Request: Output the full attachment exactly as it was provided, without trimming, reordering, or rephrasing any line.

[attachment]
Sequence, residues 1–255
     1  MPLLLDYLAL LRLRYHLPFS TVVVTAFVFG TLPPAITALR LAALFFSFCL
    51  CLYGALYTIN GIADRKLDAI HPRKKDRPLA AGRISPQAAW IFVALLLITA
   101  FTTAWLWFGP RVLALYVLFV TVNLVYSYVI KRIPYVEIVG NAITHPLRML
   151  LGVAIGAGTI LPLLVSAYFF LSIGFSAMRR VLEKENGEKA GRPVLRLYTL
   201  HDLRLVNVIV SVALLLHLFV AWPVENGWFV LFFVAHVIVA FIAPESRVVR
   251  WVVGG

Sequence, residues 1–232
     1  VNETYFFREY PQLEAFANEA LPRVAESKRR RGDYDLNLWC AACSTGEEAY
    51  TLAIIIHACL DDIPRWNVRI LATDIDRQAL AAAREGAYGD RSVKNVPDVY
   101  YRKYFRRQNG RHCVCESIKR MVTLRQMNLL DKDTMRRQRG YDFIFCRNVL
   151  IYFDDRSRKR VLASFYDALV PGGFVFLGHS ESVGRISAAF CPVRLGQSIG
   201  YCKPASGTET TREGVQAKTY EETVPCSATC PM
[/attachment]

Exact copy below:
Sequence, residues 1–255
     1  MPLLLDYLAL LRLRYHLPFS TVVVTAFVFG TLPPAITALR LAALFFSFCL
    51  CLYGALYTIN GIADRKLDAI HPRKKDRPLA AGRISPQAAW IFVALLLITA
   101  FTTAWLWFGP RVLALYVLFV TVNLVYSYVI KRIPYVEIVG NAITHPLRML
   151  LGVAIGAGTI LPLLVSAYFF LSIGFSAMRR VLEKENGEKA GRPVLRLYTL
   201  HDLRLVNVIV SVALLLHLFV AWPVENGWFV LFFVAHVIVA FIAPESRVVR
   251  WVVGG

Sequence, residues 1–232
     1  VNETYFFREY PQLEAFANEA LPRVAESKRR RGDYDLNLWC AACSTGEEAY
    51  TLAIIIHACL DDIPRWNVRI LATDIDRQAL AAAREGAYGD RSVKNVPDVY
   101  YRKYFRRQNG RHCVCESIKR MVTLRQMNLL DKDTMRRQRG YDFIFCRNVL
   151  IYFDDRSRKR VLASFYDALV PGGFVFLGHS ESVGRISAAF CPVRLGQSIG
   201  YCKPASGTET TREGVQAKTY EETVPCSATC PM